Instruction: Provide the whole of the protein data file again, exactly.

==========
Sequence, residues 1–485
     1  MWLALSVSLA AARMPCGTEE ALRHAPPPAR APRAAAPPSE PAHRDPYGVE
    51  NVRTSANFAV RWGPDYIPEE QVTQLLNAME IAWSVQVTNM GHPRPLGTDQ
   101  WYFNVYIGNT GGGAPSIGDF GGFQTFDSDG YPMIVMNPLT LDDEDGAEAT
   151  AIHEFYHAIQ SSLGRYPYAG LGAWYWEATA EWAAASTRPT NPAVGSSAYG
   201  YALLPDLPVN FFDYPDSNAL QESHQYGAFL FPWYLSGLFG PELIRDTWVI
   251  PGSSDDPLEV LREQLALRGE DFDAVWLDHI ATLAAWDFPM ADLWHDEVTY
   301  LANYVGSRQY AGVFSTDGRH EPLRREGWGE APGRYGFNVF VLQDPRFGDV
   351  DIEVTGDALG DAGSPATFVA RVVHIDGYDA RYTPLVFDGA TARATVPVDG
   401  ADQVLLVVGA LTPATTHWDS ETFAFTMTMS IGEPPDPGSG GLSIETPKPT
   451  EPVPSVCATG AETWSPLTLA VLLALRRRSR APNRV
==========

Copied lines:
Sequence, residues 1–485
     1  MWLALSVSLA AARMPCGTEE ALRHAPPPAR APRAAAPPSE PAHRDPYGVE
    51  NVRTSANFAV RWGPDYIPEE QVTQLLNAME IAWSVQVTNM GHPRPLGTDQ
   101  WYFNVYIGNT GGGAPSIGDF GGFQTFDSDG YPMIVMNPLT LDDEDGAEAT
   151  AIHEFYHAIQ SSLGRYPYAG LGAWYWEATA EWAAASTRPT NPAVGSSAYG
   201  YALLPDLPVN FFDYPDSNAL QESHQYGAFL FPWYLSGLFG PELIRDTWVI
   251  PGSSDDPLEV LREQLALRGE DFDAVWLDHI ATLAAWDFPM ADLWHDEVTY
   301  LANYVGSRQY AGVFSTDGRH EPLRREGWGE APGRYGFNVF VLQDPRFGDV
   351  DIEVTGDALG DAGSPATFVA RVVHIDGYDA RYTPLVFDGA TARATVPVDG
   401  ADQVLLVVGA LTPATTHWDS ETFAFTMTMS IGEPPDPGSG GLSIETPKPT
   451  EPVPSVCATG AETWSPLTLA VLLALRRRSR APNRV